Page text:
C# File.Copy Examples

Make a duplicate of a file with the File.Copy method in the System.IO namespace.

File.Copy copies a file from one location to another. It leaves both copies on the disk. It is part of the System.IO namespace. We break down 3 common uses of File.Copy. We warn of potential errors.File

Example. Here we want to copy one file to a new location, one where no file exists. This is straightforward and you will see that both files in the example, file-a.txt and file-new.txt, have the same contents.

Next: This program takes a file that exists, file-a.txt, and copies it to file-new.txt. Both files contain the same string.

And: It displays the contents of both files, using Console.WriteLine and File.ReadAllText, to prove equality.

C# program that uses File.Copy using System; using System.IO; class Program { static void Main() { // Copy one file to a nonexistent location File.Copy("file-a.txt", "file-new.txt"); // Display the contents of both files Console.WriteLine(File.ReadAllText("file-a.txt")); Console.WriteLine(File.ReadAllText("file-new.txt")); } } Output Contents of File A. Contents of File A.

Example 2. We find that File.Copy will cause an exception if you use it when the target destination already has a file there. To solve this problem, you must specify the third parameter of File.Copy to be true.

Here: The example displays the contents of file-b.txt. Then it calls File.Copy and copies file-a.txt to file-b.txt.

Note: No exception is thrown here. The code displays the contents of the two files, which are now equal.

C# program that uses File.Copy parameters using System; using System.IO; class Program { static void Main() { // Write initial contents of File B. Console.WriteLine(File.ReadAllText("file-b.txt")); // "File B contents." // COPY: // Copy one file to a location where there is a file. File.Copy("file-a.txt", "file-b.txt", true); // overwrite = true // Display the contents of both files Console.WriteLine(File.ReadAllText("file-a.txt")); Console.WriteLine(File.ReadAllText("file-b.txt")); } } Output "Contents of File A." "Contents of File A."

Example 3. File.Copy will throw FileNotFoundException and IOException if there are certain problems. It will also throw other exceptions that I do not show here. You will find them annoying enough without my help.FileNotFoundExceptionIOException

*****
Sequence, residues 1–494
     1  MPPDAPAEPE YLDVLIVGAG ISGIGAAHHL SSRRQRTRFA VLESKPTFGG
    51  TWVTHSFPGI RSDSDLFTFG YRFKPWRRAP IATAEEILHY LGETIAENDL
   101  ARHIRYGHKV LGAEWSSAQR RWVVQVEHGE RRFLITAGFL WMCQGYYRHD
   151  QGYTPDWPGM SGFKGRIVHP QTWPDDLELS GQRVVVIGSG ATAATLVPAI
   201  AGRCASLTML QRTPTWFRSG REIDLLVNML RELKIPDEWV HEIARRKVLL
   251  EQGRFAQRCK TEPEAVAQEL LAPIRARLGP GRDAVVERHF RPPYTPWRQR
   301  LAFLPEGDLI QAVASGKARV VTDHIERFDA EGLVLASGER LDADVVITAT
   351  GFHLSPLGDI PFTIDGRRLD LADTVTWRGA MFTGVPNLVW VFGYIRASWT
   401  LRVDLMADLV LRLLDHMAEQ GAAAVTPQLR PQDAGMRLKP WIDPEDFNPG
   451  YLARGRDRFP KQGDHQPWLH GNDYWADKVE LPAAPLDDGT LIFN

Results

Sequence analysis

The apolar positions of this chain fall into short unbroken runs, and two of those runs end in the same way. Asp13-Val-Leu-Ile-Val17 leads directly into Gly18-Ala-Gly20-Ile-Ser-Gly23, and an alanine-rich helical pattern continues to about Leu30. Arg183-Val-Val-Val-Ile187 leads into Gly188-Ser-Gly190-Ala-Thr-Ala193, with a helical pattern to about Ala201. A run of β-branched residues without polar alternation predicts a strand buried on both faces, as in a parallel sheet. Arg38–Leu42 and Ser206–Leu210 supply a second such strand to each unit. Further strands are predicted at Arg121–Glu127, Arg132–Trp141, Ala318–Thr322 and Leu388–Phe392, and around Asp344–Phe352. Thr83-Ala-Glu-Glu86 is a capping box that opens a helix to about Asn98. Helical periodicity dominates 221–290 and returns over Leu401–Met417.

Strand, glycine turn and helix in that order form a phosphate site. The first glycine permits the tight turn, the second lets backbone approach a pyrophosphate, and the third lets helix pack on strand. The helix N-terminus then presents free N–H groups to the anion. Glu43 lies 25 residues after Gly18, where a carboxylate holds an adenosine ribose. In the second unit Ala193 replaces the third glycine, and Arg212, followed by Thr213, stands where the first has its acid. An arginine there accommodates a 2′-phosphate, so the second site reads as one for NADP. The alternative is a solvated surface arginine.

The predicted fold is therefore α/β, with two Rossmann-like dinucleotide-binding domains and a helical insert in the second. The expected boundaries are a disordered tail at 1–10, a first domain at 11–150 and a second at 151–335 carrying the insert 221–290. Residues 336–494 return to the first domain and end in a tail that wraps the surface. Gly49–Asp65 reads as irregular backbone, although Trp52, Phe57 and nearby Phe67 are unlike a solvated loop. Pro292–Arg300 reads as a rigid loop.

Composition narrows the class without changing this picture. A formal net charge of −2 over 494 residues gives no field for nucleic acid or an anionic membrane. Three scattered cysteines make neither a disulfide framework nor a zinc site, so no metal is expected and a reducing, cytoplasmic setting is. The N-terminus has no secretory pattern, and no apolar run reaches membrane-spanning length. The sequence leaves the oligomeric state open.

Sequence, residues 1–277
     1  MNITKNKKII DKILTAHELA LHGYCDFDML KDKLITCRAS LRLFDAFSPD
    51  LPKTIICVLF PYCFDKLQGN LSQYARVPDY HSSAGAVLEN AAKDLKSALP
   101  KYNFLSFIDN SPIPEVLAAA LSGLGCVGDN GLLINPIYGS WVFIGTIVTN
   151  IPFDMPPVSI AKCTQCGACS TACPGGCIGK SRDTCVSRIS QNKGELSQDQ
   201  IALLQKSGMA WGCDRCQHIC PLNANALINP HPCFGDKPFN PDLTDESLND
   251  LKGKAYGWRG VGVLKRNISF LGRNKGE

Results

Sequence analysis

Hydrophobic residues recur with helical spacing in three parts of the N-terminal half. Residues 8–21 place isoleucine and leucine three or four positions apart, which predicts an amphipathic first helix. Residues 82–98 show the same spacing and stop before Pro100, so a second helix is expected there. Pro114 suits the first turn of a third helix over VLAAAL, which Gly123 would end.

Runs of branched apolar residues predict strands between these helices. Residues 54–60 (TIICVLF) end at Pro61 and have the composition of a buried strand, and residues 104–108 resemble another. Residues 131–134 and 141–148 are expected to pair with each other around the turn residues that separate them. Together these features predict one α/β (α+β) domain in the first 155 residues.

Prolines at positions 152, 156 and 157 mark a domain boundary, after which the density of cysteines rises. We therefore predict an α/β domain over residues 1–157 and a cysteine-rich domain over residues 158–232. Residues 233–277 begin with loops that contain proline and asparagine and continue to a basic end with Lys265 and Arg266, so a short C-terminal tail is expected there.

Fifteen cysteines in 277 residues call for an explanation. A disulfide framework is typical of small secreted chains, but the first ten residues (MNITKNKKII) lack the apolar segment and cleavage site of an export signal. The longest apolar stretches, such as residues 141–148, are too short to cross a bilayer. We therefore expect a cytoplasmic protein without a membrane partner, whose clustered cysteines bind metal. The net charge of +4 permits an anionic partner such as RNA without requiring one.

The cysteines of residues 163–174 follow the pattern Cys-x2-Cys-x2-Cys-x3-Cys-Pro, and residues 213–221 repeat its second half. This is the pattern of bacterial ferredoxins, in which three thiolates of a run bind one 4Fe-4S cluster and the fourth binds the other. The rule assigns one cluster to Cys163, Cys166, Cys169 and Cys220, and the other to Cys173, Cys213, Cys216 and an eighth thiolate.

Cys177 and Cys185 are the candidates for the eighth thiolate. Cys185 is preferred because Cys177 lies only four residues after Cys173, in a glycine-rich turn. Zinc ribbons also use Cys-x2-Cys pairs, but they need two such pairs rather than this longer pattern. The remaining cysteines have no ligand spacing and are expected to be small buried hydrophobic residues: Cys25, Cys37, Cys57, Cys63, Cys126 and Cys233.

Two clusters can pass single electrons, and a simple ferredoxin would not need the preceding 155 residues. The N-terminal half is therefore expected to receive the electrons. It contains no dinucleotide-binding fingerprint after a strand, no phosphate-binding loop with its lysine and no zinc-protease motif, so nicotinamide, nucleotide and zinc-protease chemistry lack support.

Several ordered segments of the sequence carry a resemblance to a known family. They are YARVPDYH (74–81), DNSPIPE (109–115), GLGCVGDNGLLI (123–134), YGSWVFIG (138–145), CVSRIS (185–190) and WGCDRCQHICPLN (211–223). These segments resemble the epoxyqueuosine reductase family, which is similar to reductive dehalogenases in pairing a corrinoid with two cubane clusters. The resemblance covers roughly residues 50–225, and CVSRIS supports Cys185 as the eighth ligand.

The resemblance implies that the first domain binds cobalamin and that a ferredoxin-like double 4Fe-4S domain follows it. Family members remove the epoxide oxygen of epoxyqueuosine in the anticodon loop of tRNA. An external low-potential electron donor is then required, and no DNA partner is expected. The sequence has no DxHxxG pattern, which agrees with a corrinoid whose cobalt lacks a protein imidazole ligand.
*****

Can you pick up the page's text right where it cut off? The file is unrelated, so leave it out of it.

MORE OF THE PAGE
Here: The program has two try-catch blocks. It uses File.Copy to copy a missing file. It demonstrates that the FileNotFoundException is thrown.


Next: We get an IOException when we copy to a file that exists, but don't specify overwrite. To specify overwrite, use true as the third parameter.

True, False

Caution: File IO will occasionally throw exceptions. It is one of the best uses for exception-handling.

Tip: You should wrap your File.Copy, as well as other methods such as File.ReadAllText, inside a try-catch block.

C# program that demonstrates File.Copy exceptions using System; using System.IO; class Program { static void Main() { // Copying a file that doesn't exist: try { File.Copy("file-missing.txt", "file-new.txt"); } catch (Exception ex) { Console.WriteLine(ex); // System.IO.FileNotFoundException: Could not find file 'file-missing.txt'. } // Copying to a file without overwrite try { File.Copy("file-a.txt", "file-b.txt"); } catch (Exception ex) { Console.WriteLine(ex); // System.IO.IOException: The file 'file-b.txt' already exists. } } }

Discussion. The File.Replace combine File.Copy with a deletion of the file. You can duplicate its functionality with File.Copy and then File.Delete. File.Move does a file system rename instead of copying any data.File.Move

Also: More information on exceptions caused by File.Copy and other methods in System.IO is available.


Summary. Here we saw two useful ways to use File.Copy in the C# language, and saw examples of two ways it can throw exceptions. It is important that you handle errors when using File.Copy, or it may bring down your program.
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